An Inappropriate Topic

It was the year before last, toward the end of September when a community agency referred me to a prospective service animal client. She is someone who I’m aware of,  contacted the agency that referred her to me and yelled over the phone, “Dennis Owens is Black! I didn’t know that he’s Black. If you had told me, I wouldn’t have met with him!” My client accused the referral source of being deceptive. After all, she failed to disclose my Blackness.

blackfaceironThere have been instances, over the years. Comments about my voice – “He didn’t sound Black, on the phone! I’m usually very good at detecting them!” Once, and I won’t tell you what I did with this, internally… “It was weird! He seemed to really understand what was going on – he knew what my son needed from a service dog, without us knowing how to articulate it. Of course, when he showed up and we saw him, it kind of broke the spell!” This client gem was relayed to me from a colleague (who had referred me). Apparently, our (now) mutual client had called and gossiped about how I had shown up at their door in blackface.

Just yesterday, I was speaking to a ‘friend’, who is both of Dominican/Puerto Rican descent and disabled. She was speaking to me about a possible referral and said these words to me, “Well, when I speak to her, I’ll find out if it’s going to be a problem that you’re Black.” Did you hear the mic drop??? I started to think about it. Conversations about differences are all around me. I circulate among disabled person, frequently – and discussions of inclusion, bias and segregation are common. There are and have always been people with the outlook that certain ethnicities and cultures could be considered ‘disabled’ in the USA. I won’t travel too far down that path, but I have considered what task training for these dogs might be.

The person mentioned above, who called the referring agency and reamed the person for ‘hiding’ that I’m Black – she’s renewed contact and this time, she wants me to come to her home. In 2014, I had asked her to allow me to help her locate a candidate dog, that I would prepare for her particular needs. After the trauma of our meeting, she independently acquired two dogs – one is suffering from a chronic orthopedic issue and the other (the one that she wants to be her service animal) is an older puppy from an out of state breeder. Without going into specifics, and sans psychobabble, this client shared the various factors in her life that contribute to her prospective service animal candidate being “a total mess,” today. Her dog has been living as a pet in her home, for the better part of a year. I can imagine there being factors that contribute to the dog being a mess.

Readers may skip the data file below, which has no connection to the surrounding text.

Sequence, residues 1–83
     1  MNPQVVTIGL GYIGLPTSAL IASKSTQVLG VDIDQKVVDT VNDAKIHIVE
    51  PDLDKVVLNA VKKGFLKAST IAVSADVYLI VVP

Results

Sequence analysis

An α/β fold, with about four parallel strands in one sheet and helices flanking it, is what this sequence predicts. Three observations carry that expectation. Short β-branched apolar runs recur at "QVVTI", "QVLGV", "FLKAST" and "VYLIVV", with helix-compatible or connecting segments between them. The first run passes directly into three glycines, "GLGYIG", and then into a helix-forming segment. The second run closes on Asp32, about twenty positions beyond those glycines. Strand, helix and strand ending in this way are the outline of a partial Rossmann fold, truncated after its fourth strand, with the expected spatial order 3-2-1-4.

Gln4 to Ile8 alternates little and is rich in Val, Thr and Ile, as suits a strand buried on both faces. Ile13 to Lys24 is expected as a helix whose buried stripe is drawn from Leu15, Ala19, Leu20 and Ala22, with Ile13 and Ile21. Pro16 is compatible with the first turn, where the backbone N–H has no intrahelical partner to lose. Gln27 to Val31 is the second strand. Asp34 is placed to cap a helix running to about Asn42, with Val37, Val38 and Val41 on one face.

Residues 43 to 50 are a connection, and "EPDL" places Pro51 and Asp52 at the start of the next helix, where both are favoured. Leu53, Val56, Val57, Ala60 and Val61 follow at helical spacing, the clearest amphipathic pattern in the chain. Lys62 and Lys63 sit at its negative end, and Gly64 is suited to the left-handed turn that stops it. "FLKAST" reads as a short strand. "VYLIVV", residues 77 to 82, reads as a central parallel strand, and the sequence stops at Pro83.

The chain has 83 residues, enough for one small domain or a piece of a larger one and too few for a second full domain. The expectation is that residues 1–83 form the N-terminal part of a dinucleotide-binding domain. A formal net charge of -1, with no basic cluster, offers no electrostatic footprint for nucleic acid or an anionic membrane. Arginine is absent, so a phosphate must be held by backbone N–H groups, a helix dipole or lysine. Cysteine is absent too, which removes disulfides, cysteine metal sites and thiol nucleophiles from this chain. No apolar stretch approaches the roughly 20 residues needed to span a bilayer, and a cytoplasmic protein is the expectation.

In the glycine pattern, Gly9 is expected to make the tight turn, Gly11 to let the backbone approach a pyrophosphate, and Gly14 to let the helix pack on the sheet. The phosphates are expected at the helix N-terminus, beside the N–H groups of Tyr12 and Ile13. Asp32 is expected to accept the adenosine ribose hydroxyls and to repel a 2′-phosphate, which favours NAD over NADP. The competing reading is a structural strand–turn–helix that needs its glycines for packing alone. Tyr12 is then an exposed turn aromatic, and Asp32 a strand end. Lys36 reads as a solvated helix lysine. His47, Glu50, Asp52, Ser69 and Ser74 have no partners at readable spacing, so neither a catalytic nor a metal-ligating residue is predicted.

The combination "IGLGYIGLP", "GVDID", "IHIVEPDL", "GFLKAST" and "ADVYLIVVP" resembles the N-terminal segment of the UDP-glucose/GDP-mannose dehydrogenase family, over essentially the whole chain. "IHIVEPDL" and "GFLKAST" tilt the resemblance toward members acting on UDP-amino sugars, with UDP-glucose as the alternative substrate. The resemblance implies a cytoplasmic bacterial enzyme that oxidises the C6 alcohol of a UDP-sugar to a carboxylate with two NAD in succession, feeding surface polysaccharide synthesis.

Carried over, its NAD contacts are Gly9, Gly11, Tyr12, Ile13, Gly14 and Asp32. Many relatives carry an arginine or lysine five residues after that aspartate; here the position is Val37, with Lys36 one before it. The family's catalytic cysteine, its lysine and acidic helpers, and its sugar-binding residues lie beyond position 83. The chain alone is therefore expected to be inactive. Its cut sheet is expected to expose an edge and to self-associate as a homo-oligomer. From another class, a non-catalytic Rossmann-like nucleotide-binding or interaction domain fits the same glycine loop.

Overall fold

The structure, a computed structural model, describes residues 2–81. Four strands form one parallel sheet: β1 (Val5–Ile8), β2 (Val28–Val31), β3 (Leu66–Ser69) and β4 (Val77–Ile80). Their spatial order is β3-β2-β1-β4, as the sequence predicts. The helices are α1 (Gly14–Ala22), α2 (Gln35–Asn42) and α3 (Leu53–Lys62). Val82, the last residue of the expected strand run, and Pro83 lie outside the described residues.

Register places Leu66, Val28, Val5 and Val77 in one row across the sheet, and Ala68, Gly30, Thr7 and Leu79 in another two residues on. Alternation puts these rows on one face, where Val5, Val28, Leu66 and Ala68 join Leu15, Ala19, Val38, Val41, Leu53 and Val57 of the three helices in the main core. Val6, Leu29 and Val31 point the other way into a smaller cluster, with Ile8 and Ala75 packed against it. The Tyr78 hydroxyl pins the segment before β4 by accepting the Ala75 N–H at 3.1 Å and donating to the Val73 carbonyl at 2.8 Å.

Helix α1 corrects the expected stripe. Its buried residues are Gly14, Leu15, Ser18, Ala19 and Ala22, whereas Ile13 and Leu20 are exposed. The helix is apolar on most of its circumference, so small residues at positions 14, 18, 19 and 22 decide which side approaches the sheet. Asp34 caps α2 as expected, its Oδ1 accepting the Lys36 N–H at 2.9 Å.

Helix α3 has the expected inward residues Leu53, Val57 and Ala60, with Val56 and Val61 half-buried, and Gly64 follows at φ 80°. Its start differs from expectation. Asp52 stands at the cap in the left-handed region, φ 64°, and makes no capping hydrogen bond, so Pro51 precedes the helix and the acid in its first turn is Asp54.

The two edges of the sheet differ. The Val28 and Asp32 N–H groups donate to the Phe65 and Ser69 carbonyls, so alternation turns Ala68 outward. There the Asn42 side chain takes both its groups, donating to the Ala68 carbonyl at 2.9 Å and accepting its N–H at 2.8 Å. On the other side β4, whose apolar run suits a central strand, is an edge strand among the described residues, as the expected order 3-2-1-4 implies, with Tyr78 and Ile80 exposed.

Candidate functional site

Anyone have any white makeup that I can borrow?

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2 thoughts on “An Inappropriate Topic

  1. Gosh, when I first met you I also noticed that you were black. So was my dog so I guess it was OK. Above person sounds like a nut but I guess we nutty people can need service animals too.

  2. This isn’t an “Inappropriate” topic—but rather an “Inconvenient” one—and unfortunately, one that isn’t at all new. I know what it’s like to communicate with a potential client, and then watch the facial twitching occur as their mental hard drive crashes at our first face-to-face meeting. They struggle for the right words, I laugh—but I didn’t always. I’m the Wedding Planner at a large church, and I recently assigned a minster to a couple—one I’ve worked with many years—a highly educated, experienced and compassionate pastor, teacher and musician. Unfortunately, he happens to be black. Without even meeting him, the client called me and asked to be reassigned to “someone a bit more European”—-yes, the groom used those exact words. I’ll keep the outcome of this juicy saga to myself. But as it relates to your post, let me say that I’m sorry you have had to experience that kind of thinking.
    Your gifts are extraordinary—and if someone cannot get free of that small space in their heads to appreciate them there is very little you can do. Continue to show up, be the awesome professional you are. As we have seen from the events in the world this week, change doesn’t come from the outside – but from inside each of us. In one moment, in one breath, laying aside what we think we know about someone can open our lives to their magic. Our companion animals, our service animals, have the amazing ability to change our lives regardless of how we look. Too bad some humans aren’t able to exercise that kind of magic. But fear not, your magic isn’t diminished, my magic isn’t diminished, and the world’s magic isn’t diminished.
    Oh yes, and the next time you have the audacity to show up to someone’s door in blackface, wear your Trump wig, perhaps it will soften the blow.

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